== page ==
Wednesday 5 October 2011

Avuncular and Nepotistic Uncles

Vanity, saith the preacher, vanity!
Draw round my bed: is Anselm keeping back?
Nephews - sons mine... ah God, I know not! Well -

The word nepotism is, literally, nephew-ism; because the Latin for nephew was nepot. However, nepotism gained its current currency from the overactive and sinful loins of the medieval popes. An Italian history of the papacy written in 1667 was titled Il Nipotismo di Roma and it opens thusly:

I begin the History of the Nipotismo, from the time of Sixtus the fourth, since he was the first that delivered up Rome and the Popedom in prey to his Nephews.

Sixtus the Fourth created 34 cardinals, of which six were his nephews; except that they probably weren't. You see a Pope wasn't officially allowed to have any sons, so, when he did, he would pass them off as his nephews and then show them enormous favouritism, or nepotism. So the primary definition of nepotism in the OED is:

The showing of special favour or unfair preference to a relative in conferring a position, job, privilege, etc.; spec. such favour or preference shown to an illegitimate son by a pope or other high-ranking ecclesiastic.

They in turn would have illegitimate sons whom they would pass off as their nephews and so on and so forth until the Roman Church had become thoroughly avuncular.

That's because avuncular just means like an uncle. So if you treat somebody in an avuncular manner, you behave as though you were a friendly and indulgent uncle. That's why nepotistic (being nice to your nephews) is exactly the same thing as avuncular (being nice to your nephews*).

In fact... hmmm... that's a very neat point, but it may be wrong. You see, I just checked, and avuncular, etymologically speaking, means like an avuncul and in Latin an avuncul is a maternal uncle. So perhaps a maternal uncle is kinder because his sister's children are not competing for his own children's inheritance. I don't know anything about Roman inheritance law, but that would make sense. Therefore, both words would have to do with the twisted relationship between uncles and wills.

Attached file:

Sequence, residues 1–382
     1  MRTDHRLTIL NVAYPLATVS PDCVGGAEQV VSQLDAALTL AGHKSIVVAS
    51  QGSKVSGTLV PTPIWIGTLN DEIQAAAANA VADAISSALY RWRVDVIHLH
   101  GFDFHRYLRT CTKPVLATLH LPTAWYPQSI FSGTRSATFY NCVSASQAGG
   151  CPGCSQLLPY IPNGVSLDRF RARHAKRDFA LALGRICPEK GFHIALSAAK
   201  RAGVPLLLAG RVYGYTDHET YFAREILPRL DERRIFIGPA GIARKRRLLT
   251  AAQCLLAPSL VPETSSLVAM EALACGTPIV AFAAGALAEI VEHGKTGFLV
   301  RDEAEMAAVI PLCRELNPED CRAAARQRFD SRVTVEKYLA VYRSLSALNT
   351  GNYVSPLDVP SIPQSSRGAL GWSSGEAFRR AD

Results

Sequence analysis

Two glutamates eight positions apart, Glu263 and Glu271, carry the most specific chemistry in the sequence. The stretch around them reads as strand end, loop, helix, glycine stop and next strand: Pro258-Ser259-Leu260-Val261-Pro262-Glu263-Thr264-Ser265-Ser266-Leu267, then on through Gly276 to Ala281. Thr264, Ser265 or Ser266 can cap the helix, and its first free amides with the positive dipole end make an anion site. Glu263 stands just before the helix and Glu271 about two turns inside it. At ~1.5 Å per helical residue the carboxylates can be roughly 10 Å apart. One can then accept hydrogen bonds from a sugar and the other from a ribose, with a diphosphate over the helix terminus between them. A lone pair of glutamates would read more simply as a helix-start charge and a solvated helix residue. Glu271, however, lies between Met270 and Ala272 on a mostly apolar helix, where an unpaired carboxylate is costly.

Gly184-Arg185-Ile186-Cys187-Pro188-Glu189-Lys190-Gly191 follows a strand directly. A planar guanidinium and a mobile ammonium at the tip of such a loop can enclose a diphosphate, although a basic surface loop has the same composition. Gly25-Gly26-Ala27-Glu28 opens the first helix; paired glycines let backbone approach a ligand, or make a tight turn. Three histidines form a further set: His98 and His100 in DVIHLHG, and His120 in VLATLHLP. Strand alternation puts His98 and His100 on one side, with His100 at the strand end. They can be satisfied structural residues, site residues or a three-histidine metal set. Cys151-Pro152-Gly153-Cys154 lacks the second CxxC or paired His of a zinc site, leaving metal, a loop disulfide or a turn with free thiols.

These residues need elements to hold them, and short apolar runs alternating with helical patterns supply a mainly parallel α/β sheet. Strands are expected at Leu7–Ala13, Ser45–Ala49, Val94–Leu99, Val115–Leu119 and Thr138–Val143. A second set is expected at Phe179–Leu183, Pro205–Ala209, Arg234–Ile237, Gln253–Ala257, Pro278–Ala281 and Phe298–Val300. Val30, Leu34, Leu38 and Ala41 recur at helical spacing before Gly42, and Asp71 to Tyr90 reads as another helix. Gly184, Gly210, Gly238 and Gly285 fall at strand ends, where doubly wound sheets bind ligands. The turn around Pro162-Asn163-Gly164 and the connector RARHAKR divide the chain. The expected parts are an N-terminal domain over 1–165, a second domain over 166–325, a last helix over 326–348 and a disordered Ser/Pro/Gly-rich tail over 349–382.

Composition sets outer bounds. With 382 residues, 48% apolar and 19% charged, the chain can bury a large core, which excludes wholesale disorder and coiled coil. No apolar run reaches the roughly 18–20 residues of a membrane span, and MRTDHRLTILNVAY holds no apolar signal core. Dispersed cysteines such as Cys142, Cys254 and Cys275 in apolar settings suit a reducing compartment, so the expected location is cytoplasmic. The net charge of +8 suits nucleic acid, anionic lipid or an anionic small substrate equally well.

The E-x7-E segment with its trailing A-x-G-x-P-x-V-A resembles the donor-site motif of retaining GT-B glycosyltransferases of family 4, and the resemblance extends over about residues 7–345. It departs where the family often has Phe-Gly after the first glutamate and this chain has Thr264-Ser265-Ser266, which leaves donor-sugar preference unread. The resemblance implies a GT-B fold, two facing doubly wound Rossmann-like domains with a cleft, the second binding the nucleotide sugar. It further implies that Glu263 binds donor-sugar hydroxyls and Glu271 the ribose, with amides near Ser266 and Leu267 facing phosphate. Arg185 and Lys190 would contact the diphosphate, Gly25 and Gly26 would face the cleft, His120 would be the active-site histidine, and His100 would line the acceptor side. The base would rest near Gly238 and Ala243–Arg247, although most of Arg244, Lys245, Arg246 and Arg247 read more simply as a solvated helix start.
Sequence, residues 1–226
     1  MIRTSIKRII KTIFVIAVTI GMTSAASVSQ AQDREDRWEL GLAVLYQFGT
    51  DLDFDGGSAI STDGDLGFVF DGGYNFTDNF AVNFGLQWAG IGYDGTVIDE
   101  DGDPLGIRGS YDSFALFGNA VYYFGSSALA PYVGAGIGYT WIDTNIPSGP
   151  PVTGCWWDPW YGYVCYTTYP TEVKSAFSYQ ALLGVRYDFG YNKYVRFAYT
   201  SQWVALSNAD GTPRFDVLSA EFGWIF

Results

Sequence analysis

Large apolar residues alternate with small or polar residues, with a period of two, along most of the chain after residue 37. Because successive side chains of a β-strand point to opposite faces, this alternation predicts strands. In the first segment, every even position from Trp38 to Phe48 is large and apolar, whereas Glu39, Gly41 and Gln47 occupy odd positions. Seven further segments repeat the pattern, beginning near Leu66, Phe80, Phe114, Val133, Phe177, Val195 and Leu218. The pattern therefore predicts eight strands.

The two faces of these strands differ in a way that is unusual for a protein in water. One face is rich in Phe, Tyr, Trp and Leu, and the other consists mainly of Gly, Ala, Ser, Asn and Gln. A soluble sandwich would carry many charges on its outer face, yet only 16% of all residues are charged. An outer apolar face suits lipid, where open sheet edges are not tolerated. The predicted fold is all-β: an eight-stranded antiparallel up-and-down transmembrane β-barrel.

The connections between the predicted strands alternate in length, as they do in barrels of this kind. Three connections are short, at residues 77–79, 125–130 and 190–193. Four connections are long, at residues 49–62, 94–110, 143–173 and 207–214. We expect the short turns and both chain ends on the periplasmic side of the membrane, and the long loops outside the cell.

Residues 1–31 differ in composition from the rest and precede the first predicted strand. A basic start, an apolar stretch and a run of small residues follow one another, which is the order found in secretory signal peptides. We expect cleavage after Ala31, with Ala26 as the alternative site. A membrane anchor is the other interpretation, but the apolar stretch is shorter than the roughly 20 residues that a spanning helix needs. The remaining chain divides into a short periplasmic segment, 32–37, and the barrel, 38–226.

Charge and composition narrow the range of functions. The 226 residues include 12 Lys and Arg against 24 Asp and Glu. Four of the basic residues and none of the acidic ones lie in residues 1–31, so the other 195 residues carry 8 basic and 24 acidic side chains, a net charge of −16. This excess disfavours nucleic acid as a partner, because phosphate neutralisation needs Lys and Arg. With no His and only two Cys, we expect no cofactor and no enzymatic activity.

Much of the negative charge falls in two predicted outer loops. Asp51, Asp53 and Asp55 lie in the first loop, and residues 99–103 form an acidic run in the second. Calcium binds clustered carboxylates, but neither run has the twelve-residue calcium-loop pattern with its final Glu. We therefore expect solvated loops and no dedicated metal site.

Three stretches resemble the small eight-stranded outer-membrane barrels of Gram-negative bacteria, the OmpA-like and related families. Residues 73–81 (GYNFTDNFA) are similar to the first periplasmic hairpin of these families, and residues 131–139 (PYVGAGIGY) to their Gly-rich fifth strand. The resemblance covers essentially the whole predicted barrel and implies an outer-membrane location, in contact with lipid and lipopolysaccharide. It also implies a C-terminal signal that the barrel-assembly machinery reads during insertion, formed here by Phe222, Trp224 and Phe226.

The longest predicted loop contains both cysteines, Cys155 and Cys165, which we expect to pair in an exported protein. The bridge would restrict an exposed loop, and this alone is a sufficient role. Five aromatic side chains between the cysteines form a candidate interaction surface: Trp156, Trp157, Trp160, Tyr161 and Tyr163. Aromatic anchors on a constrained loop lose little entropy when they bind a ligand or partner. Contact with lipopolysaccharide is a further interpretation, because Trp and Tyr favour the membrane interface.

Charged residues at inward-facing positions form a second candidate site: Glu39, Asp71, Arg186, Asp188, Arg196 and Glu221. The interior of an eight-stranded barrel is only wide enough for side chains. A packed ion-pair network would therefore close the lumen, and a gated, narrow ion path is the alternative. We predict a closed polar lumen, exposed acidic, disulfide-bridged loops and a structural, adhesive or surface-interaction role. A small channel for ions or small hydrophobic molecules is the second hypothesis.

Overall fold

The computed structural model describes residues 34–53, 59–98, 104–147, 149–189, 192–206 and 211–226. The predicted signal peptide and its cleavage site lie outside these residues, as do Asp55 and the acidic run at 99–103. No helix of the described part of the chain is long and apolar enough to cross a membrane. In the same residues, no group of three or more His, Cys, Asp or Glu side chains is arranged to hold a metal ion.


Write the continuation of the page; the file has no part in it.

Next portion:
This brings us inevitably to the nineteenth century and the wonderful dramatic monologues of Robert Browning. One of the best of these, and for some reason one of the least known, is The Bishop Orders his Tomb at Saint Praxed's Church, Rome. It's basically the deathbed speech of a thoroughly corrupt medieval priest who, among other things, can't remember which are his sons and which are his nephews.

Draw round my bed: is Anselm keeping back?
Nephews - sons mine... ah God, I know not! Well -
She, men would have to be your mother once,
Old Gandolf envied me, so fair she was!
What's done is done, and she is dead beside,
Dead long ago, and I am Bishop since,
And as she died so must we die ourselves,
And thence ye may perceive the world's a dream.

It's an absolutely bloody fantastic poem and you can read the whole thing by clicking on this link. There's a great bit in it where he's describing an ornament that he wants on top of his sarcophagus:

Some lump, ah God, of lapis lazuli,
Big as a Jew's head cut off at the nape,
Blue as a vein o'er the Madonna's breast...

Such lascivious blasphemy! Read the whole thing here. It's much better than anything I write.

*Nieces are innumerate and don't count.

1 comment:

  1. I believe that maternal uncles were more important in the past because it was generally understood that you were more provably related to your sister's children than to "your own". This, coupled with male inheritance makes the maternal uncle/nephew linkage quite important.